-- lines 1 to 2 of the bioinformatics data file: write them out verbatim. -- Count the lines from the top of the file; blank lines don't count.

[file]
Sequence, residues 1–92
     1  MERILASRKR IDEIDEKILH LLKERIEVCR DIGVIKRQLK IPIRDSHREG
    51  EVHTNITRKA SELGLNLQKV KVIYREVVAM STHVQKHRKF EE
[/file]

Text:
Sequence, residues 1–92
     1  MERILASRKR IDEIDEKILH LLKERIEVCR DIGVIKRQLK IPIRDSHREG